Dark Funeral need no introduction, veterans of the second wave of Swedish Black Metal summarises them at the very best. Despite the comings and goings of many musicians through the grand halls of Dark Funeral, only one sole member from the start remains - Lord Ahriman. Taking a place in this majestic and grandeur embodiment of extreme metal is vocalist Heljarmadr, we spoke with the band's 4th vocalist at Bloodstock Open Air.
"Back in the day when you got hold of an album above the Arctic Circle, even if it's not the best one you would listen to it until you liked it!"
Your new album "We Are The Apocalypse" came out this year, what was done differently with this one compared to your previous releases?
"We had the same procedure for composing it, the main difference was COVID, because we were not interrupted by shows in between and so this meant we could focus entirely on the new album for once. I think that maybe allowed the album to take another leap, a progression from the previous but I also feel it's a natural progression from our last album."
You mentioned COVID which of course affected the entire world, let alone the music industry, ironically it gave you more time to focus on the new album like you said.
"Yeah! What else could we do? All of the festivals and concerts were cancelled – actually at the time we weren't touring that much, we was already planning to start the new album. So for that year we only had a few club and festival shows booked, anyway it gave us a window to work in peace and calm, because we could work until we were done. There was no rush."
Once the COVID lockdown had ended, how did the Swedish metal scene react?
"Well it was a bit weird in the beginning because concerts started happening again, but people were reluctant to buy tickets in case they turned into vouchers (for rescheduled shows), so it was a slow start I think. Now it's starting to wake up and I think this year, summer festivals, people are starting to go and understand that you're not going to die by having fun again, I hope this year will bring the live scene back."
With that thought in mind, it must be a huge honour for you to play Bloodstock this year?
"Yeah! I mean it's super cool to be out again, playing everywhere in front of thousands and thousands of people, it just proves we can get past this kind of s**t."
Looking forward to your tours for the rest of 2022 and into 2023, what countries will you be visiting and who are the support?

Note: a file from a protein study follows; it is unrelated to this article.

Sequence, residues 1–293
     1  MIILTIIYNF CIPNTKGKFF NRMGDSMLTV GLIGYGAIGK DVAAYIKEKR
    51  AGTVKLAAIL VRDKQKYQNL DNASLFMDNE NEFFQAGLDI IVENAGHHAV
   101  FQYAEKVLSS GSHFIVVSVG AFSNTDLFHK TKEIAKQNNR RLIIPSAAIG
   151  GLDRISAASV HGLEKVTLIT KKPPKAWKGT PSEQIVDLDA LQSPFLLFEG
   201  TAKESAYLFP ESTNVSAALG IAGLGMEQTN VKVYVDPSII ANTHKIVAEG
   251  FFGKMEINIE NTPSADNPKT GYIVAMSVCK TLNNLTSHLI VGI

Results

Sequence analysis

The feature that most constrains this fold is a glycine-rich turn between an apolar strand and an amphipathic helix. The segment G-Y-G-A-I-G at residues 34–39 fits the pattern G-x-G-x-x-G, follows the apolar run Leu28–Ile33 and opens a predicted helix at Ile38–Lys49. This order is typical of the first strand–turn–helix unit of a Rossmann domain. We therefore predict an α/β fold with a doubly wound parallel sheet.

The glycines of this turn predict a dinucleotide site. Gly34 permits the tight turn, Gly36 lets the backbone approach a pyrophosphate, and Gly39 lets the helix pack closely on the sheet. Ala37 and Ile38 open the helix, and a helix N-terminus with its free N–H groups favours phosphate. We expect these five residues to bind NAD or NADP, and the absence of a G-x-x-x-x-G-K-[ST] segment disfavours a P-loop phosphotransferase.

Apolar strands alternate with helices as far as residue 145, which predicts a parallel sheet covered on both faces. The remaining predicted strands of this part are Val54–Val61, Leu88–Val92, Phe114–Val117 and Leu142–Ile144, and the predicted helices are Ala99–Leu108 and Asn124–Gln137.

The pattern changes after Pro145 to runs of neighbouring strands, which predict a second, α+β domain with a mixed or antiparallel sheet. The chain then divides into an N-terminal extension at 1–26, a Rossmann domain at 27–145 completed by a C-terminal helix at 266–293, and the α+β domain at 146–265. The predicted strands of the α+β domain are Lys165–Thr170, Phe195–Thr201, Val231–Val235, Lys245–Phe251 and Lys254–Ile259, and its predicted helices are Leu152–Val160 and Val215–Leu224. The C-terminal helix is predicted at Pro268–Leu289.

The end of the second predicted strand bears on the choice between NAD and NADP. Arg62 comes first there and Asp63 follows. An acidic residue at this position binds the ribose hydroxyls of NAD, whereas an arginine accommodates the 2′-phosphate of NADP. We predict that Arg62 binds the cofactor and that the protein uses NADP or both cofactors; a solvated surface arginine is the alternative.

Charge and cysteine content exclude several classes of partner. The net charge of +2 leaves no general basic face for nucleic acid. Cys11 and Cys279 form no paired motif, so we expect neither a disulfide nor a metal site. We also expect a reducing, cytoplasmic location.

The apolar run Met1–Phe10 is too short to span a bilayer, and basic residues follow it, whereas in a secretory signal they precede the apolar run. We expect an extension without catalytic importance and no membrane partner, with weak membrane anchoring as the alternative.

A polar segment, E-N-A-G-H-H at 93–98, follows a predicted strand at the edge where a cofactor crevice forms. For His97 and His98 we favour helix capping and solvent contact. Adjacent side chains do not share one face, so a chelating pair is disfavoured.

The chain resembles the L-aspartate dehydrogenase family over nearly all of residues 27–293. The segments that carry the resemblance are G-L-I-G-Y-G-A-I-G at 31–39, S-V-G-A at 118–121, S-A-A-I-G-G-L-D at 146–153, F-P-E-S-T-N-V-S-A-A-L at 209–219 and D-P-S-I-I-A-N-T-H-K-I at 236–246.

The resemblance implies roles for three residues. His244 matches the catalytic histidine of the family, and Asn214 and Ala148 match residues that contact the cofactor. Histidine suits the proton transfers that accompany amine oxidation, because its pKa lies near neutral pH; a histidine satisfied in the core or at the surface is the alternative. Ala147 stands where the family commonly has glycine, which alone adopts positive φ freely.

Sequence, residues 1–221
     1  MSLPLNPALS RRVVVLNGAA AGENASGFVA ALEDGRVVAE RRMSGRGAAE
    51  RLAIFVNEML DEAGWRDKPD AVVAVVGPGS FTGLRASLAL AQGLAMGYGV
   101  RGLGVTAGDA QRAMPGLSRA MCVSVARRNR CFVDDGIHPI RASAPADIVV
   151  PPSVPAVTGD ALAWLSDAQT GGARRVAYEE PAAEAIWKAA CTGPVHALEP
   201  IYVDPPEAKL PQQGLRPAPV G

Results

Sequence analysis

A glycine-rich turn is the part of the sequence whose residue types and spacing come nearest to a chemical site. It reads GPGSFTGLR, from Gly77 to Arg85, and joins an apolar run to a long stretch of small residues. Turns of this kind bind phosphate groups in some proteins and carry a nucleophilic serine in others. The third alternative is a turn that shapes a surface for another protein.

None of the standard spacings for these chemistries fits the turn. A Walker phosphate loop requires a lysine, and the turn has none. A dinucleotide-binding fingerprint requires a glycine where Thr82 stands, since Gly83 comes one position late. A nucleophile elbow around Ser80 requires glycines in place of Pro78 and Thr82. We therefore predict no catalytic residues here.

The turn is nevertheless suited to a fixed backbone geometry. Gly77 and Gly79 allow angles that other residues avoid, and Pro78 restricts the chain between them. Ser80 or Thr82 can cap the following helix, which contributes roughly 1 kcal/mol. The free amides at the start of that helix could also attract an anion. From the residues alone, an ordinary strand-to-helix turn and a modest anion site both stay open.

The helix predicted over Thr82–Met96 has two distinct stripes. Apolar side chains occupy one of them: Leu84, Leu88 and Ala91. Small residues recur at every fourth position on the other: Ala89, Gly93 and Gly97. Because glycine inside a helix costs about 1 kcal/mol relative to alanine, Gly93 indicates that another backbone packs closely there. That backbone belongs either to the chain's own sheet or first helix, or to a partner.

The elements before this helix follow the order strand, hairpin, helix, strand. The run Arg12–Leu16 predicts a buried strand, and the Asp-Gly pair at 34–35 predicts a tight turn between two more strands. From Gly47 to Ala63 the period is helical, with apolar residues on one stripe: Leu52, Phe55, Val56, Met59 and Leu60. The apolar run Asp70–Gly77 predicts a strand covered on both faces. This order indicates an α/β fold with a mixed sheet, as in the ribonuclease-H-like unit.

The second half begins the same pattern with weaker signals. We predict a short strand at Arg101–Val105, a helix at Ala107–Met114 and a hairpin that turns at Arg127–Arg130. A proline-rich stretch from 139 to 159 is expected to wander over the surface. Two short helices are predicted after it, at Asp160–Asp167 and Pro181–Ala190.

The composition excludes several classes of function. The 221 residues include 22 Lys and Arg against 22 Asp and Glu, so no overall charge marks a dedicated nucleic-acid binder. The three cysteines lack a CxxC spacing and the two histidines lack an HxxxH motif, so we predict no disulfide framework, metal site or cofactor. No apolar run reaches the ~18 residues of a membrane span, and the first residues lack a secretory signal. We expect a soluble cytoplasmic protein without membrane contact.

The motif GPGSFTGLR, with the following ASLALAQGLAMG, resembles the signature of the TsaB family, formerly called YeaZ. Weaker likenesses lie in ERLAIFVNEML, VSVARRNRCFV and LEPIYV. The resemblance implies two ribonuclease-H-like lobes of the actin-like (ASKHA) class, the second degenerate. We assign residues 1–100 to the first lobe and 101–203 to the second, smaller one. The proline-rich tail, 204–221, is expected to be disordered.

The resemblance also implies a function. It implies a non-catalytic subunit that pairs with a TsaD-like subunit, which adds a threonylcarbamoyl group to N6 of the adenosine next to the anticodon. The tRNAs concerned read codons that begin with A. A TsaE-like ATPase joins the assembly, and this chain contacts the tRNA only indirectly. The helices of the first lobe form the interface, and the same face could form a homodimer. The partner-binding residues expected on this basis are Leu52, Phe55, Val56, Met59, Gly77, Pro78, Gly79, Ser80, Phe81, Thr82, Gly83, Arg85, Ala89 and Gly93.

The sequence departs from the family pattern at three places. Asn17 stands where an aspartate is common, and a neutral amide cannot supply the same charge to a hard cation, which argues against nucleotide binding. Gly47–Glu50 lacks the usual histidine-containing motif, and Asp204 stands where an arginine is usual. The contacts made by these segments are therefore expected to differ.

"Festivals are ending now, we have a show in Israel coming up which was postponed for a couple of years (they have since played early Sept), we have an autumn festival in Switzerland but after that a US / Canada tour with Cannibal Corpse. In September we have a festival in Mexico (since played), next year is going to be crazy but right now I don't have any information to provide – but there are a lot of things in the pipeline so keep checking our website and social media."
How did you personally get into metal music?
"I come from the very north of Sweden, right above the Arctic Circle, so it was not so easy to get hold of albums – it was through tape trading that I got into metal music, I traded with a cousin who is a few years older and through that I started off with Swedish death metal – bands like Entombed and Dismember, then I turned over to the Norwegian black metal scene, so yeah I've been around since the early-ish 90's listening to this music. When someone in the town had a new album out, everyone had heard it.
The kids today don't know how good they have it (with YouTube being accessible per se), they have it too good! Back in the day when you got hold of an album above the Arctic Circle, even if it's not the best one you would listen to it until you liked it! You'd give it more chances, nowadays if it does not grab your attention in two seconds it's gone. It took weeks to get something, you'd pay money to someone using a bank account and then hoped for the best hahaha sometimes you got ripped off, other times you got the stuff, sometimes you get something completely different to what you ordered because they were out of stock and so they would send something else because they could not get hold of what you ordered."
Suffice to say things have gotten better logistically speaking, but with regards to older mediums, how do you feel about vinyl's resurgence?